There are limits to how much you can invest in any tax year. For 2011/12, the limit is £10,680. Of that, the maximum you can invest in cash is £5,340 and the balance of £5,340 can be invested in shares (individual company shares or investment funds). If you don’t take the cash ISA allowance, you can invest up to £10,680 into a stocks and shares ISA.
Invidivual Savings Accounts were introduced on 6 April 1999 to replace personal equity plans (PEPs) and tax-exempt special savings accounts (TESSAs) with one plan that covered both stockmarket and savings products, the returns from which are tax-exempt. The ISA is not in itself an investment product. Rather, it’s a tax-free “wrapper” in which you place investments and savings up to a specified annual allowance where the returns (capital growth, dividends, interest) are tax-exempt (you don’t have to declare ISAs and their contents on your tax return). However, any dividends are taxed within the investment, and that can’t be reclaimed.
The tax levied on the total value of your estate after you die. IHT has to be paid by the beneficiaries of your estate before they can receive any of the money from it. The money can’t be taken from the value of the estate _– it has to be paid before any money can be released. There is an IHT threshold – known as the “nil-rate band” – below which no tax is levied (£325,000 in 2011/12). Any amount above the nil-rate band is subject to tax at 40%. If your estate totals £600,000, there is no tax on the first £325,000; however your estate will pay 40% tax on the remaining £275,000, a total of £110,000. Prudent tax planning can reduce your IHT liability, so always consult a specialist solicitor.
A form of National Savings Certificate, premium bonds are effectively gilt-edged securities: you loan your money to the government and, in return, it pays you for the privilege with a guarantee it will return your capital at a specified date. Where premium bonds differ is that the interest payments (currently 1.5%) are pooled and paid out as prize money and you can get your cash back within a fortnight, with no risk. Launched by Chancellor of the Exchequer Harold Macmillan in his 1956 Budget, every single £1 unit has the same chance of winning and in May 2011, 1,772,482 winners (from a total draw of 42,539,589,993 eligible bond numbers) shared £53,174,500. The odds of winning are 24,000 to 1 and the maximum holding is £30,000 per person but it remains the only punt in which you can perpetually recycle your stake money.
A financial adviser who is not tied to any financial services company (such as a bank or insurance company) and is authorised by the Financial Services Authority (FSA). They can advise on financial products to suit your circumstances. All IFAs have to give consumers the choice of paying by fees or commission and have to explain which would best suit the customer in that particular instance. Also, if commission is paid either by the client or the financial service provider recommended by the IFA, the IFA must disclose what that commission is.
An individual employed by an institution to manage an investment fund (unit trust, investment trust, pension fund or hedge fund) to meet pre-determined objectives (usually to generate capital growth or maximise income) in prescribed geographic areas or investment sectors (such as UK smaller companies, technology or commodities). The manager also carries the responsibility for general fund supervision, as well as monitoring the daily trading activity and also developing investment strategies to manage the risk profile of the fund.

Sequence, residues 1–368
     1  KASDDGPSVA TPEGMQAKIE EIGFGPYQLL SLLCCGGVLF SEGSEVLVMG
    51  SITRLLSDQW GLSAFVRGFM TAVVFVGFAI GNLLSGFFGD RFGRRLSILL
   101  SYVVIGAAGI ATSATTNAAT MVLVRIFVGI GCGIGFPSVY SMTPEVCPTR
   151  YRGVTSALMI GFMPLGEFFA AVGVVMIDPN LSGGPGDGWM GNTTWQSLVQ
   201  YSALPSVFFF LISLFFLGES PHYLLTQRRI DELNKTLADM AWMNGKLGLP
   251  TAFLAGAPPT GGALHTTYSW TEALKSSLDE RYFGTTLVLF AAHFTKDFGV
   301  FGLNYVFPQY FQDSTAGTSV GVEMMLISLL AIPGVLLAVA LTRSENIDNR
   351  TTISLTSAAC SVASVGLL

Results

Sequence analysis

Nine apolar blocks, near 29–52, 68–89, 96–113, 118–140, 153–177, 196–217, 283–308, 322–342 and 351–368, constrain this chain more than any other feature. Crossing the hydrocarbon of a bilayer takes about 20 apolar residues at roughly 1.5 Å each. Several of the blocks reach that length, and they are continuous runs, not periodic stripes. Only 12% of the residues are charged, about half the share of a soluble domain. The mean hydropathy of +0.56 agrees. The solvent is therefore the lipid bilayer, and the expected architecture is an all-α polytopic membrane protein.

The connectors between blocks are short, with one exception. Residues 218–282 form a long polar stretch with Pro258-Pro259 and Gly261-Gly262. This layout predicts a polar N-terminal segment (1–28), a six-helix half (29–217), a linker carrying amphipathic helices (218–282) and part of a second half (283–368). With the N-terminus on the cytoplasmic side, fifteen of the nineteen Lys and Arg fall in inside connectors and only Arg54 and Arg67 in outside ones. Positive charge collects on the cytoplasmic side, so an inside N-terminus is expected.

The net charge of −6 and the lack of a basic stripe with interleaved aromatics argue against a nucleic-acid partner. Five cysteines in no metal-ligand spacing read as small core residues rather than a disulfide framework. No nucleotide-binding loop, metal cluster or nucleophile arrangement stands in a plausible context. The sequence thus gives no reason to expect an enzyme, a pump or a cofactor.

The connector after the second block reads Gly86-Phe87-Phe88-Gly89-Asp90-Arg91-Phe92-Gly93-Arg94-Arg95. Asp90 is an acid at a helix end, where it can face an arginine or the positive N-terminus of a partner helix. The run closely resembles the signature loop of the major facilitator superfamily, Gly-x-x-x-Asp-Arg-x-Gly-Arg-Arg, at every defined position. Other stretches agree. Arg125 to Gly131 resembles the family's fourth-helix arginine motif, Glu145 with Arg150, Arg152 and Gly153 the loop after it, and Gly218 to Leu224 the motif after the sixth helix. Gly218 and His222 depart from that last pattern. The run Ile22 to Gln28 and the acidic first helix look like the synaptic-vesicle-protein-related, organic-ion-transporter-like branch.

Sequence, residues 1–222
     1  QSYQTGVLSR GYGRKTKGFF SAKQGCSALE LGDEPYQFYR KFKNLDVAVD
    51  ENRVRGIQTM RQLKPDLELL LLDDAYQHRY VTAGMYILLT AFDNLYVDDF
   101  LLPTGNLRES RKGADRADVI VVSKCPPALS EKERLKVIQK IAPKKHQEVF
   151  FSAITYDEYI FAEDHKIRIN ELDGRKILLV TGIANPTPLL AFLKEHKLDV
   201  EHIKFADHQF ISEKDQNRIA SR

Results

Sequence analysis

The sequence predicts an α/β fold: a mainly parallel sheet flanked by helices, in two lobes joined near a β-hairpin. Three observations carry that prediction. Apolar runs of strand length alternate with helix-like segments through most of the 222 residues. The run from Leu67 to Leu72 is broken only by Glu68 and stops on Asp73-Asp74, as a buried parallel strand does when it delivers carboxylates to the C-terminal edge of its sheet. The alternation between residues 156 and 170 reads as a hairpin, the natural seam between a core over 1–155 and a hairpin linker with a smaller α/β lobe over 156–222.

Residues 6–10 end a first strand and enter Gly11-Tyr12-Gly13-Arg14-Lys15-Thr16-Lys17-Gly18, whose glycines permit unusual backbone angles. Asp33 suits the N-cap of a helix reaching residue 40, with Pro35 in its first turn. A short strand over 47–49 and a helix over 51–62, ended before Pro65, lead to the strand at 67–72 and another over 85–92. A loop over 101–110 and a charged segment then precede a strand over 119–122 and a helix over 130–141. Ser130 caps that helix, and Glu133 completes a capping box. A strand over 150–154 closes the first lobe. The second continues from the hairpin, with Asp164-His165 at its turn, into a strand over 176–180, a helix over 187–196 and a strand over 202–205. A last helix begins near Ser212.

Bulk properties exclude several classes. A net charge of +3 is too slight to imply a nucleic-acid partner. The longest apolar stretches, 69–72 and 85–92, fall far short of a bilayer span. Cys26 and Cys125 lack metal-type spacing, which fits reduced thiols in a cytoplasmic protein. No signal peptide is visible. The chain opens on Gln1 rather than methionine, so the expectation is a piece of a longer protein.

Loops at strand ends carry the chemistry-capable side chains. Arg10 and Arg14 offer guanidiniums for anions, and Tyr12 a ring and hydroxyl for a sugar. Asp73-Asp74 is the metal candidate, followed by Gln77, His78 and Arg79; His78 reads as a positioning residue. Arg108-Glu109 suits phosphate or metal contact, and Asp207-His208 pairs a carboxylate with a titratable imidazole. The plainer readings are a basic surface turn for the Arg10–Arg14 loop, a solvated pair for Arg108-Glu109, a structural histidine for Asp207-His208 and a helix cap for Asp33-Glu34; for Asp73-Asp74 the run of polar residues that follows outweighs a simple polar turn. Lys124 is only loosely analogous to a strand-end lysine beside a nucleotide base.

Capital gains tax
If you buy an asset – shares, a second home, arts and antiques – and then sell it at a later date and make a profit, that profit could be subject to CGT. You don’t pay CGT on selling your main home (which is why MPs “flipped” theirs so regularly) or any securities sheltered in an ISA. Individuals get an annual CGT allowance (£10,600 in 2010/2011) but if you have substantial assets it’s worth paying an accountant to sort it for you.
An account opened with a clearing bank (few building societies offer current accounts) that provides the ability to draw cash (usually via a debit card) or cheques from the account. Some pay fairly minimal rates of interest if the account is in credit. Most current accounts insist your monthly income (salary or pension) is paid directly in each month and they offer a number of optional services – such as overdrafts and charge cards – which are negotiable but will incur fees.
Everything you own: all your assets (property, cars, investments, savings, insurance payouts, artwork, furniture etc) minus any liabilities (debts, current bills, payments still owed on assets like cars and houses, credit card balances and other outstanding loans). When you’re alive this is called your wealth; when you’re dead, it becomes your estate.
This is more usually a feature of car insurance but it can also crop up in contents, mobile phone and pet insurance policies. An excess is the amount of money you have to pay before the insurance company starts paying out. The excess makes up the first part of a claim, so if your excess is £100 and your claim is for £500, you would pay the first £100 and the insurer the remaining £400. Many online insures let you set your own excess, but the lower the excess, the more expensive the premium will be.
This is a mutual organisation owned by its members and not by shareholders. These societies offer a range of financial services but have historically concentrated on taking deposits from savers and lending the money to borrowers as mortgages, hence the name. In the mid-1990s many societies “demutualised” and became banks. One academic study (Heffernan, 2003) found demutualised societies’ pricing on deposits and mortgages was more favourable to shareholders than to customers, with the remaining mutual building societies offering consistently better rates. In 1900, there were 2,286 building societies in the UK; in 2011, there are just 51.